• Emily Karaka
  • Ngahuia Harrison

Season 2, the second exhibition series from contemporary art gallery Season, begins with Explicit by Emily Karaka and Ngahuia Harrison. Both artists are strong advocates for their iwi, and both extend their advocacy directly into their art practices. Their works are openhearted and frank, addressing complex relationships, such as those between people and place, between the Crown and mana whenua, and between greed and community good.

I am a descendant of Te Arawaru Toone. Te Ahiwaru are mana whenua at Ihumātao. The laws and historical confiscations of lands enacted by the Crown at Ihumātao are the root cause of a well-known series of protests. I have made a number of works about Ihumātao. Six were presented at the 22nd Biennale of Sydney, NIRIN, in 2020.

It was important to me to take the stories of Ihumātao to the world. The situation was complicated, so much so that it was necessary for the Māori King, Tūheitia Pōtatau Te Wherowhero, to mediate. We all knew the immense mana of the King would bring the stability needed in the volatile situation.

For Explicit, two works from NIRIN are presented alongside paintings from my 2015 Settlement series. The Settlement works respond to land claims, confiscations, and Treaty settlement processes in Tāmaki Makaurau, where I have lived all my life, and the Tāmaki Makaurau Collective Redress Deed, which provides collective redress for the thirteen iwi and hapū of Ngā Mana Whenua o Tāmaki Makaurau, referred to as the Tāmaki Collective.

Treaty claims, land issues, and kaitiakitanga have formed the core of my work for many years. The fourteen Tūpuna Maunga named in the Collective Redress Deed are central to another exhibition of mine, Matariki Ring of Fire, currently on show at Te Uru Waitākere Contemporary Gallery, which underscores the depth of the whakapapa ties within this city.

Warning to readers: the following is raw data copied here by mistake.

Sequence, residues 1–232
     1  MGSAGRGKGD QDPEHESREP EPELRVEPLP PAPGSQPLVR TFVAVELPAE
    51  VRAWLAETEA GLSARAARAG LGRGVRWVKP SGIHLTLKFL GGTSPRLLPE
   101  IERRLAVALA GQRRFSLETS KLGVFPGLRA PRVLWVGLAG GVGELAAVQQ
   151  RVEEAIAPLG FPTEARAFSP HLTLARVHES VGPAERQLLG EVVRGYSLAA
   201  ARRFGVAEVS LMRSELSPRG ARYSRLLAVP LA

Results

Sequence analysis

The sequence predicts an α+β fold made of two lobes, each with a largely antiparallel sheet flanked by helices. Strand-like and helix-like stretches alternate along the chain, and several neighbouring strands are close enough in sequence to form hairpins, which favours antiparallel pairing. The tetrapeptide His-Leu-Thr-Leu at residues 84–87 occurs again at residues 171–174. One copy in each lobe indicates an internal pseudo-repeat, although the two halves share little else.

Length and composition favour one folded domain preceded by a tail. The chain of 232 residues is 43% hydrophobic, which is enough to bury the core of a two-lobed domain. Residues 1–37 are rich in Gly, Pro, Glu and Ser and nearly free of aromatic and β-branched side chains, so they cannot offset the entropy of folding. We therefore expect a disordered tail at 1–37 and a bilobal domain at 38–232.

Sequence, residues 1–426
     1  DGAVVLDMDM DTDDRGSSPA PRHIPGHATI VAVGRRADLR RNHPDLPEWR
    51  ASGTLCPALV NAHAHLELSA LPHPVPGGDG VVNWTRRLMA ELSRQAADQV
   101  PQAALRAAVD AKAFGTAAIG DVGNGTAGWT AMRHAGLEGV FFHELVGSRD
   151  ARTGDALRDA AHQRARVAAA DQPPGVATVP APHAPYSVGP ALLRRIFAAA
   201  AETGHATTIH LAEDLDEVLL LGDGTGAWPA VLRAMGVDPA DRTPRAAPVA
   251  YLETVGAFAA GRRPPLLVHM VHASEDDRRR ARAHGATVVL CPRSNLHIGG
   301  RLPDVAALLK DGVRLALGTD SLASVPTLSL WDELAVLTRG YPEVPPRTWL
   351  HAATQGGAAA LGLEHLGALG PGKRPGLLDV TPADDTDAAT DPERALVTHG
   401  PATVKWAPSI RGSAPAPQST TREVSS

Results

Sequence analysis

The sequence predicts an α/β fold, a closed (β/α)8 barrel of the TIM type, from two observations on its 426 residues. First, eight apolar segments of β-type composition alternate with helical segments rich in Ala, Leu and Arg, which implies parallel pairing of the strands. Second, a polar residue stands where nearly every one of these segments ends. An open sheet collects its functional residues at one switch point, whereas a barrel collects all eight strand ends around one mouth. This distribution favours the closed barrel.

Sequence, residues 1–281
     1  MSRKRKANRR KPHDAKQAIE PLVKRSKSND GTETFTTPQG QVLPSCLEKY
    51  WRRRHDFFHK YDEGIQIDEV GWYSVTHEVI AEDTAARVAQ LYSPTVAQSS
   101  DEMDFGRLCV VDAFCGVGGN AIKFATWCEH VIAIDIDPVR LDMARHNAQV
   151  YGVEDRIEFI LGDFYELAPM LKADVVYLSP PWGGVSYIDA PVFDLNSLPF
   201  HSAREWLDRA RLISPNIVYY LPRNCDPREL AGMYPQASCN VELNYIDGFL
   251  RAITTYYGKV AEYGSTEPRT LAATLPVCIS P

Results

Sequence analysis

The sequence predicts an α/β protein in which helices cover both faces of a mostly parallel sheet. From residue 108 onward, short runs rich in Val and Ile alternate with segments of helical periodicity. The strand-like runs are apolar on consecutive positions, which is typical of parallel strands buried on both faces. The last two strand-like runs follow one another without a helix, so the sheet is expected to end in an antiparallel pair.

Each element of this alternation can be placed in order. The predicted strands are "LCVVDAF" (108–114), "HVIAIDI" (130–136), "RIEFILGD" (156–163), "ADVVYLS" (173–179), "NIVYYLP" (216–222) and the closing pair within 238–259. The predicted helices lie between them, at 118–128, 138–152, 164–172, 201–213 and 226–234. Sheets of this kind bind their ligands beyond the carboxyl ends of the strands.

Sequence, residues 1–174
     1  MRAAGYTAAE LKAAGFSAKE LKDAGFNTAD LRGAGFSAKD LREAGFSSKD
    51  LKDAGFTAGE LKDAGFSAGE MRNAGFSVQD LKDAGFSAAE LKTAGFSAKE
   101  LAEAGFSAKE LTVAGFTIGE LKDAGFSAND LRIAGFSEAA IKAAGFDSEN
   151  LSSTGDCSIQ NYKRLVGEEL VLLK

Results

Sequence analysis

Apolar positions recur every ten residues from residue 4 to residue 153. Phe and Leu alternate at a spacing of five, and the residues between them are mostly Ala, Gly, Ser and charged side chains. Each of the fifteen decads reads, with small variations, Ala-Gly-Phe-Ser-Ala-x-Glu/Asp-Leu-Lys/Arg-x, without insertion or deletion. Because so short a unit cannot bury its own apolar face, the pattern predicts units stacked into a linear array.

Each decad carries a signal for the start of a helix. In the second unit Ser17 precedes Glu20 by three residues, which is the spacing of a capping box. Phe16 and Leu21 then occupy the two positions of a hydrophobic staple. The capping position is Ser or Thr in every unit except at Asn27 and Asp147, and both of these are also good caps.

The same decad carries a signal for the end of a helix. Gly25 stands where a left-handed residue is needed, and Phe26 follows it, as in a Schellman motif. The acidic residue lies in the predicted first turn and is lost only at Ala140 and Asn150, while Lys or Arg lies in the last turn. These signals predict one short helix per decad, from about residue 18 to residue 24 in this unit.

Coastal Cannibals has come out of my doctoral research. I began looking at the effects of the Marine and Coastal Area (Takutai Moana) Act 2011 upon my iwi, Ngātiwai. The research has morphed into looking at everything that falls outside of the narrow definition the Crown has created to tell Māori how we relate to the sea and coastline. As well as all of the fronts we fight on to protect not only our relationship to the moana, but the moana itself.

I’ve been working on Coastal Cannibals for the past three years and I’m constantly adding to it. The series focuses on the Whangārei Harbour, Whangārei Te Rerenga Parāoa, and the heavy industry established on and around the place, including residential housing developments. The heavy industry are places like the oil refinery, the Portland cement works, the Limestone works, the marinas—all these things gobbling up our environment and our moana.

Some of the residential developments around Ruakākā and Marsden Point have carved out the land to channel the moana, creating canals so people can have their own jetty to park their boats like they park their cars. For coastal and ocean tribes, the moana is an important and significant place—the ocean is everything. To see it being used in this way is very frustrating—it’s taking and using our land in a way that assumes our interests have been extinguished. They haven’t.

(Adapted from a 2021 interview with Objectspace, Tāmaki Makaurau.)

Opening Hours

  • Wednesday to Friday, 11am to 5pm
  • Saturday, 11am to 3pm


  • 6 Lower Albert Street
  • Commercial Bay
  • Tāmaki Makaurau 1010